The best way to hide something from Black people is to put it in a book. –Ole Tyme Expression of unknown origin
Among all the myriad of stereotypes that Black people have been saddled with since their arrival upon American shores (natural athleticism, innate musical talent and rhythmic temperament, a predilection towards criminality, and–well you know the rest), intellectual pursuits have never been ascribed to the children of Africa.
That said, those stereotypes ignore the legions of slave descendents who’ve displayed a fondness for the printed page, even during that long span of time during which it was illegal to teach a person of color to read or otherwise attain any “forbidden knowledge.”
Being that we are presently in the Information Age–eons since Phyllis Wheatley published her pre-Revolutionary tome of poetry–it is encouraging to know that a bastion of erudition exists in this, the City of Angels (and a place known for pursuits of a more hedonistic sort), as a refuge of those who nurse an addiction for voracious reading or otherwise harbor a proclivity for pastimes outside physical exertion or the quest for a vigorous night life.
The Leimert Park Village Book Fair (LPVBK), now in its fifth incarnation, is a celebration of that timeless human urge for learning, as befitting its placement in a neighborhood considered the center of artistic/intellectual of African American life in Los Angeles. Since its inception, the fair has grown steadily, no small fete given the anemic economy that has dominated the times.
Its founder, Cynthia Ethusian Exum, was endowed with a love of reading by her grandmother, Nellie Mary Horne, and conceived the fair as a medium to dispel one of the many archaic notions about people of color. Utilizing skills acquired running an event planner business, she initiated LPVBK in 2006 to manifest her convictions, especially her refusal “to buy into the notion that African Americans don’t read or value education,” and points to the more than 150 authors of various genres she has lined up for this year’s event as a fitting rebuttal to that pigeonhole.
With about 1,500 attendees at its first installment, the fair has steadily grown over time and boasted 5,000 participants at last year’s event. Exum perceives this as a validation of her initial goal.
“I saw this as an opportunity to promote education and literary within our community.”
Exum cites the efforts of its 25 full- and part-time staff members in achieving and maintaining the quality of its programming. Citing similar local galas, she offers the following “shout out” as a tribute to the importance of social events including the Hollywood Book Fair, the Festival of Books, and LPVBK: “I see events like these as the last stand for books.”
This is a reference to the numerous electronic devices and technologies regularly sprouting up to divert the public’s attention from the more traditional past time of reading. She notes that the rudimentary skill of comprehending the written word remains the basis of any emerging mode of communication.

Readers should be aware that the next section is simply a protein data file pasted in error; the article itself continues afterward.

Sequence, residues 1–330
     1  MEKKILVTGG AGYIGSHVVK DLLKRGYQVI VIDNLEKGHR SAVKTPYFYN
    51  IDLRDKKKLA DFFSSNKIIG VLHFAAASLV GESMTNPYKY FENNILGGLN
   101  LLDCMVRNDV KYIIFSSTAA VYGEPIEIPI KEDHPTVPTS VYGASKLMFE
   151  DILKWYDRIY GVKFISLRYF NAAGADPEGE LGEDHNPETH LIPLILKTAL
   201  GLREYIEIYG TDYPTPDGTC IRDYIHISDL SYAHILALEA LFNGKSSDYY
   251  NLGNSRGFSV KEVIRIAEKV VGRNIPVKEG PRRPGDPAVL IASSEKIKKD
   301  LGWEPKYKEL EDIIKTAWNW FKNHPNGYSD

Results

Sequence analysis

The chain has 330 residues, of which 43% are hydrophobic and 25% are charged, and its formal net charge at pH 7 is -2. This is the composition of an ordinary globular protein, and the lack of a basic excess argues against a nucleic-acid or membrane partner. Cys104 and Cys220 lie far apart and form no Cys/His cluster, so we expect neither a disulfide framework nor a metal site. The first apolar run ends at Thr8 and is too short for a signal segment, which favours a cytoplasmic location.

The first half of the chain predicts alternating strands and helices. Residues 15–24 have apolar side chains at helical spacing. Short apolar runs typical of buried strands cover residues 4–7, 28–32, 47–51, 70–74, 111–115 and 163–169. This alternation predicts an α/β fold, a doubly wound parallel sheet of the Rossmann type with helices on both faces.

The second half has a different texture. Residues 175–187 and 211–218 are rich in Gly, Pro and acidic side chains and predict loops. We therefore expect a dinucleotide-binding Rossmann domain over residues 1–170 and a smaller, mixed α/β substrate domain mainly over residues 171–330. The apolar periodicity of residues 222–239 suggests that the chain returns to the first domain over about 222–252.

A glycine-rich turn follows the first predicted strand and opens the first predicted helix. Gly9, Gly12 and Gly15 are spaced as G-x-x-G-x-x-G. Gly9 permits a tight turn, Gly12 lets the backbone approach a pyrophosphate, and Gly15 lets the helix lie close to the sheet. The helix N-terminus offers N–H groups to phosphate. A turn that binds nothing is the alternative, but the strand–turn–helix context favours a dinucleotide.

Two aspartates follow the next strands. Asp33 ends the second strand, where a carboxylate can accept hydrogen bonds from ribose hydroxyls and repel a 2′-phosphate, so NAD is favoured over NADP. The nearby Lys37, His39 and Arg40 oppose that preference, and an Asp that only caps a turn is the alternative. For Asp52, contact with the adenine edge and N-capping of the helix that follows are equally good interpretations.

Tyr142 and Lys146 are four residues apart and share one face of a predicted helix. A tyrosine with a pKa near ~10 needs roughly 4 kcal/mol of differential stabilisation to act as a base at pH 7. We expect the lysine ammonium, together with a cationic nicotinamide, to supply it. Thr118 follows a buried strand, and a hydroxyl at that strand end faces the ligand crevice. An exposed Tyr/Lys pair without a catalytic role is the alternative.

Headlining the event this Saturday is a triumvirate of Black female intelligentsia–economist/educator Julianne Malveaux, Ph.D., former Essence magazine editor-extraordinaire Susan L. Taylor, and Pulitzer prize winning journalist/author Isabel Wilkerson.
Among the other contributors are legendary boxer Sugar Ray Leonard, showcasing his new autobiography in which he chronicles the obstacles on his road to success in and out of the ring, including the sexual abuse he suffered at the hands of an early coach and mentor.
Other notables scheduled include actors Todd Bridges, Victoria Rowell, and Isaiah Washington.
Karyn Parsons, best known as a cast regular on the NBC sitcom “The Fresh Prince of Bel-Air” will grace the children’s village by doing a public reading, as will Maryum “May May” Ali, Muhammad Ali’s daughter, and Kim Wayans of the Wayans show business clan.
This year’s installment is truly a multi-media event boasting cooking demos, panel discussions, poetry, writing workshops, and the previously mentioned kids’ interactive/storytelling/theater activities.
In a nod to the city’s position at the apex of the entertainment industry, the Hollywood Black Film Festival will present “From Concept to Camera” a panel discussion with prominent filmmakers sharing industry knowledge.
Another attractive feature and an oxymoron, in this, the citadel of materialism that is Los Angeles, is the fact that admission to the book fair is free.
Aside from the undeniable negativity (gang violence, rampant homelessness) that is a staple of this paradoxical metropolis, Los Angeles boasts a wealth of intellectual centers and cultural resources overshadowed by the glitz and glamour of its show biz heritage. Socially-conscious residents, or just anyone with a yen for a good book, are encouraged to come and continue the tradition of this celebration of the written word.
This year’s Leimert Park Village Book Fair will be held on Saturday, from 10 a.m. to 6 p.m. on the Vision Theatre Back lot, located at 43rd Street and Degnan Boulevard, in the heart of historic Leimert Park.